Figure 2– coverage by age group as at 28 September 2021 (percentage vaccinated)
Figure 2 shows as at 28 September 2021 the percentage of people vaccinated by age group.

* Second doses for 12-15s and 16-17s are only for those with specific health conditions for these groups
**Vaccination uptake for groups marked 100% are considered complete based on the estimated eligible population at a set point in time.

Progress for the non-age based JCVI priority groups shows we have provided first dose vaccinations for:

  • 98% of current residents of care homes for older adults with 95% having received both doses
  • we have vaccinated in excess of the initial target population estimate of staff working in all care homes for both first and second doses.
  • 96% of those who were advised to shield, part of the clinically extremely vulnerable group with 94% having received both doses
  • 91% of people aged 16-64 with underlying health conditions with 88% having received both doses
  • 95.5% of people in specified frontline healthcare roles have received their first dose and 93.1% have had both doses*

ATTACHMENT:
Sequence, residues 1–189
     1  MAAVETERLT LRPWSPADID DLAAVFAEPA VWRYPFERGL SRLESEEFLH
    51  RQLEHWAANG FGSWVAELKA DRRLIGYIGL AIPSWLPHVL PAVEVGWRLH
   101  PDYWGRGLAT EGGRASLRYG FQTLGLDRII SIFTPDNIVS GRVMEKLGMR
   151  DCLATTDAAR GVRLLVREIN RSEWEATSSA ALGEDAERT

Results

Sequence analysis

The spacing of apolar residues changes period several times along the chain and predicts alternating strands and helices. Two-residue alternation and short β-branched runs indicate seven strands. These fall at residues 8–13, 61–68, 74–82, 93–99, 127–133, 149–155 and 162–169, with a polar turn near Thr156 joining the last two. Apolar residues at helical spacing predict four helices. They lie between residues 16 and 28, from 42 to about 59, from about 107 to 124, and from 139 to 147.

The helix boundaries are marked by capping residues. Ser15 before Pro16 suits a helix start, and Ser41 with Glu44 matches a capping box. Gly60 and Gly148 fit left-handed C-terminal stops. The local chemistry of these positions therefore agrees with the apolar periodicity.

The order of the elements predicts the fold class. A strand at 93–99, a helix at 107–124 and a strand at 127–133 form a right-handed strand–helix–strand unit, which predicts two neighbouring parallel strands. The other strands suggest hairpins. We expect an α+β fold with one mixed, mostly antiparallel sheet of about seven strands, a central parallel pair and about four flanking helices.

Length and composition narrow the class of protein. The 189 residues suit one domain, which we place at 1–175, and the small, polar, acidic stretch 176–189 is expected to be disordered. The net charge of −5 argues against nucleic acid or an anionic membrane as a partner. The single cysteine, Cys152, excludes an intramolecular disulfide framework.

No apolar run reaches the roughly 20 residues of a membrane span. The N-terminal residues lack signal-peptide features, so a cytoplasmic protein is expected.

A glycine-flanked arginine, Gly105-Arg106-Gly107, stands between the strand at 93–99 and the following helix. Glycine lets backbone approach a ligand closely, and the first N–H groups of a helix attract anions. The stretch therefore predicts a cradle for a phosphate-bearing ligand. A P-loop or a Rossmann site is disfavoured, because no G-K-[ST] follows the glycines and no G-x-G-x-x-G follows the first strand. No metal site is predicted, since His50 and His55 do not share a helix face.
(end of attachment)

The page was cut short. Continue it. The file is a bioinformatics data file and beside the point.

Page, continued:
• 90.1% of people in specified frontline social care roles have received their first dose and 86.1% have had both doses*
  • 64% of people aged 12-15 with underlying conditions

*Specified frontline health care workers and specified frontline social care workers figures provide a more precise measure of vaccine uptake in key frontline roles including registered NHS staff within the job family nursing/midwifery, medical and dental, ambulance services, Allied Health Professions and registered GPs; and registered Scottish Social Services Council staff.

These percentages include all people in the selected age group/JCVI priority group.